The staff of Children’s Disaster Services (CDS) have been working on a shift to new ways of serving children who are affected by disasters this year. The pandemic is affecting how volunteer organizations respond to disasters as they operate with caution and adapt to restrictions on face-to-face contact. During a time when CDS volunteers may not be able to work at disaster sites, CDS will be providing an individual Kit of Comfort for children.
An initial grant of $10,000 has been given from the Church of the Brethren’s Emergency Disaster Fund for materials to pack a first round of 575 individual kits to hand out to children after a disaster, along with parental resources.
“The upcoming 2020 disaster season, generally marked with hurricanes, tornadoes, flooding, and wildfires, will still be a reality for many areas of the country, regardless of COVID-19 being present,” said the grant request. “CDS recognizes the challenges disasters bring, and with additional restrictions in place to combat the spread of the virus, is prepared to respond in new ways to help children after a disaster with a creative and innovative approach.”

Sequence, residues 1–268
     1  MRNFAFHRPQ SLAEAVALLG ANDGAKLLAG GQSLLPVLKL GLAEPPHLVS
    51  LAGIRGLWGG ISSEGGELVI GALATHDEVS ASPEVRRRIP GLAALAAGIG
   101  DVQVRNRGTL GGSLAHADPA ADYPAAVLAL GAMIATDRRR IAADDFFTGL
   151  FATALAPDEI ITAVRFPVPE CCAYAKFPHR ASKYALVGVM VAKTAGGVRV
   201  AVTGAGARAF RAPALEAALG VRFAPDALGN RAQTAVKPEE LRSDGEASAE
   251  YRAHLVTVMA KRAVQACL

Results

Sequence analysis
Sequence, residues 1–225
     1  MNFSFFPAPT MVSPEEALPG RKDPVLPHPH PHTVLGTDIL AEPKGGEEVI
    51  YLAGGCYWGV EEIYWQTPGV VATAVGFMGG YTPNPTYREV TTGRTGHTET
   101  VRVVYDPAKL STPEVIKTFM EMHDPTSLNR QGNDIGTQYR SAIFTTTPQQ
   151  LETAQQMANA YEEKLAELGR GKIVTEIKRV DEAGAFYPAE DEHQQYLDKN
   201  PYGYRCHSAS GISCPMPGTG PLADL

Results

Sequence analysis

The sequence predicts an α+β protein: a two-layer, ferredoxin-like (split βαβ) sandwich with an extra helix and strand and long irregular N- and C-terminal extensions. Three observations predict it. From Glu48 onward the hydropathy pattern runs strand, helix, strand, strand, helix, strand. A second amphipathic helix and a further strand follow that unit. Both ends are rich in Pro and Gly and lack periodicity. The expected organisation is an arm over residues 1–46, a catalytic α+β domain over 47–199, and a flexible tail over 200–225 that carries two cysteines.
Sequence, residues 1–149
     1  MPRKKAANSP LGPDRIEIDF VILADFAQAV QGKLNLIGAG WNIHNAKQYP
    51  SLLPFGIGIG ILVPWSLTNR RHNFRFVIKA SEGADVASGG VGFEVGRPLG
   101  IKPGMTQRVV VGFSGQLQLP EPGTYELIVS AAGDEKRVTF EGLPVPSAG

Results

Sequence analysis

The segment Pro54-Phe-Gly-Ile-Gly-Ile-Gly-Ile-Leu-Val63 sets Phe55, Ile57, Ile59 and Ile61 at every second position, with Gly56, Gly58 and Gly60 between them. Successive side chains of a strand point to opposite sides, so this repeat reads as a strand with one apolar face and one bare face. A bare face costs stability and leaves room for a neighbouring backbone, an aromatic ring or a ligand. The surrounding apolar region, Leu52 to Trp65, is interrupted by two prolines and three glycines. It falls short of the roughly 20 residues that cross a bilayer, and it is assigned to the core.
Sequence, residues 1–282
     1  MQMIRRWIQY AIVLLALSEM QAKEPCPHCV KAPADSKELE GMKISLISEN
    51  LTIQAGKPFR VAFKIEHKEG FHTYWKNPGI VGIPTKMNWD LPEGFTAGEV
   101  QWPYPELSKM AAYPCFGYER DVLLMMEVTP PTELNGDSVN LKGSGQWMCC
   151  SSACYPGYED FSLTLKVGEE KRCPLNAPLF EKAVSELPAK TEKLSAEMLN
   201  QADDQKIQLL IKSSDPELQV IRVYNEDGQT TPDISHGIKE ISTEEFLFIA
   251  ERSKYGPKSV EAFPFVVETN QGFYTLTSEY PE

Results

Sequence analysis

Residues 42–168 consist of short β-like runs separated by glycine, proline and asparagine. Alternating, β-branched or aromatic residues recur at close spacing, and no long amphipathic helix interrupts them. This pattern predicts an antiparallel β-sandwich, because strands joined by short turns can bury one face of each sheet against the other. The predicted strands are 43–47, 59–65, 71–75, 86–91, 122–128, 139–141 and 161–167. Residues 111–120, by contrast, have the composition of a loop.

CDS staff have been in discussion with the Red Cross about how to provide activities and resources to children affected by disasters, when no communal play spaces are allowed and families are housed in hotel rooms not shelters. In response to this shift from hands-on to distant support, CDS has developed an individual Kit of Comfort as a mini-version of its traditional kit that teams of volunteers take to disaster sites for open-ended, creative play options in a communal play space.
The new individual Kit of Comfort will be distributed to children who have been displaced by a disaster. It will contain multiple activities for children to use within their new environments to encourage creative play and help begin their healing process. The individual Kit of Comfort will be assembled in both English and Spanish versions and will include resources for parents. The packs are small enough to be easy to ship and store, while still providing a variety of fun and a sense of normalcy to a child when they need it most. Some key features of the individual kit are toy cars, art supplies, finger puppets, a jump rope, and activity idea sheets.